The California Public Utilities Commission (CPUC) last week opened a new rulemaking to consider ways to deal with growing energy arrearages — the total amount of unpaid customer bills — in the state due to the COVID-19 pandemic, and extended a suite of utility customer protection measures through June 30.
CPUC President Marybel Batjer highlighted the need for regulators to address the growing energy arrrearages that have accrued during the pandemic during a Thursday meeting. "This rulemaking provides us with an avenue to brainstorm, develop and implement measures that will help ensure that once the moratorium on customer disconnections … ends, we can provide relief to the customers," Batjer said during a meeting on Thursday.
- Residential arrearages for Pacific Gas & Electric, Southern California Edison, San Diego Gas & Electric and Southern California Gas shot up by more than $650 million between February 2020 and the end of the year, surpassing $1 billion in December. Customers enrolled in low-income programs accounted for $324 million of that increase.
Last March, when California Gov. Gavin Newsom declared a statewide emergency over the pandemic, the state had 53 known COVID-19 cases and one confirmed death. This January, those numbers had shot up to more than 3 million cases and over 37,000 deaths.
The pandemic has also taken an economic toll — the statewide unemployment rate sat at 8.8% in January 2021, compared to 5.5% last March. During three quarters of the last year, the unemployment rate for households exceeding an annual income of $150,000 rose from 2.8% to an eventual 5.1%. For households earning less than $30,000 a year, however, unemployment rates increased from an average of 12.2% to a peak of 30.3%, before dropping to 25.8%.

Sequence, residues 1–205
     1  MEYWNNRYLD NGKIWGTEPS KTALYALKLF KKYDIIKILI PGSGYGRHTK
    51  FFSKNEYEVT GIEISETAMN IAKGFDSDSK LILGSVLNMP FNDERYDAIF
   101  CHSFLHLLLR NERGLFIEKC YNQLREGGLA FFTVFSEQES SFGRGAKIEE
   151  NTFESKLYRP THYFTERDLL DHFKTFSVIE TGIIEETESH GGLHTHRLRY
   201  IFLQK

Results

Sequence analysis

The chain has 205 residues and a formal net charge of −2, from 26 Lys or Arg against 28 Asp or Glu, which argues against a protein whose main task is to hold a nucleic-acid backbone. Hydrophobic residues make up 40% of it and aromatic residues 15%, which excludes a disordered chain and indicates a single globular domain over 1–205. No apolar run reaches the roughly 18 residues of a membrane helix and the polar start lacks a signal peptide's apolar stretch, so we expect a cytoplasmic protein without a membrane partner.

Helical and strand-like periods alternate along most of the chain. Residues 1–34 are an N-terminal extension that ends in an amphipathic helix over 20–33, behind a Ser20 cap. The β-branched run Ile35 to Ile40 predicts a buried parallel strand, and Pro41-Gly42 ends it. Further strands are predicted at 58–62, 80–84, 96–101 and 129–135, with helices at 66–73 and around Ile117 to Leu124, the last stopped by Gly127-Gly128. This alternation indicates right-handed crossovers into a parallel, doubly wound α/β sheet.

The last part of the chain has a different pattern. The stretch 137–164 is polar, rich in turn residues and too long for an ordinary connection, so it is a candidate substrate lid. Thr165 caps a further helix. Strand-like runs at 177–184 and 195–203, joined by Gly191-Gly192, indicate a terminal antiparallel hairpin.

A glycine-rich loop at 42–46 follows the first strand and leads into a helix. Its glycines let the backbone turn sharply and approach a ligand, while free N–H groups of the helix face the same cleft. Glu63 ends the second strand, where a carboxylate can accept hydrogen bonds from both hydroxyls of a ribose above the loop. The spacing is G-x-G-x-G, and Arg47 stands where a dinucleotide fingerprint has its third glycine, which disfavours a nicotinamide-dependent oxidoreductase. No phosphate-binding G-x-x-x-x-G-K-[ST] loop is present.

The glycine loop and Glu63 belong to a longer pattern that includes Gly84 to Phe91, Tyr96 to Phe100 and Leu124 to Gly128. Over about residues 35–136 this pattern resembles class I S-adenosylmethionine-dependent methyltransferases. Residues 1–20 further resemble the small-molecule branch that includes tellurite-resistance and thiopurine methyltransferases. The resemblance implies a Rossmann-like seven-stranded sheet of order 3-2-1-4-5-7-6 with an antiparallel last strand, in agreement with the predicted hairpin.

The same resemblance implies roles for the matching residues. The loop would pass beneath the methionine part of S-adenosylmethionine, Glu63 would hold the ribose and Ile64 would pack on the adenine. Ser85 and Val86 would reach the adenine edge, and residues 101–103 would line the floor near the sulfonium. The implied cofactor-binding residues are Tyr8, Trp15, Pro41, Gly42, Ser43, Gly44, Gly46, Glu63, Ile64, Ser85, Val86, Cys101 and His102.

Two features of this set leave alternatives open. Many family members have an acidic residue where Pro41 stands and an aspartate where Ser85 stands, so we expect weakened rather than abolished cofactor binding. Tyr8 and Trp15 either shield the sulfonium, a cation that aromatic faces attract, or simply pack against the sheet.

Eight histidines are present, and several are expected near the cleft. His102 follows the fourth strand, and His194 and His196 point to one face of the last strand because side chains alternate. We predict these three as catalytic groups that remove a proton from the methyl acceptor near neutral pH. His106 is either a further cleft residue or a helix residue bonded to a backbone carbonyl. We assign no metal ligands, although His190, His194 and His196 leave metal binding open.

The pandemic has also led to shifts in energy usage, with residential customers consuming more power as they work and study from home. And "despite the efforts to moderate customer energy use and bills during the pandemic, arrearages for residential customers have increased substantially," the CPUC's order instituting rulemaking notes — arrearages increased by 130% between February and December 2020. In 2019, by comparison, aggregate arrearages fell by more than $71 million.
The CPUC rolled out a series of customer protections last spring, including a moratorium on disconnections for non-payment, suspending reconnection fees and suspending the practice of requiring deposits for new or reconnected service. A resolution passed last week would extend those measures through the summer.
But the commission also needs to start preparing customers through what will be a very difficult transition period when those protections end, according to CPUC Commissioner Clifford Rechtschaffen.
"Those numbers are extraordinarily frightening," he said during the CPUC's meeting Thursday.
The new rulemaking is an attempt to address this issue, and will focus on establishing special relief mechanisms for customers who have not been able to keep up with their bills during the pandemic. Given that the pandemic has persisted longer than expected, the large arrearages could present a financial threat to utilities, the commission noted; moreover, when the protections are phased out, customers will face large outstanding bills at a time when they still may be dealing with potential loss of life or livelihood because of the pandemic.
The CPUC has presented two straw proposals to kick things off. The first would be to implement arrearage assistance programs — providing a one-time $200 bill forgiveness for residential and small business customers that have unpaid bills of more than $1,000, followed by a one-year payment plan option to pay off remaining amounts. Customers enrolled low-income programs or dependent on medical equipment could see their debts halved under this proposal. The second straw proposal would expand existing payment plans to help customers pay off their debts, and provide them with up to three monthly deferrals.
The CPUC is hoping to pass a decision on the matter in late June.
"This is obviously an ambitious timeline, so that we can be responsive in a timely way to the transition off the moratorium," Commissioner Martha Guzman Aceves said Thursday.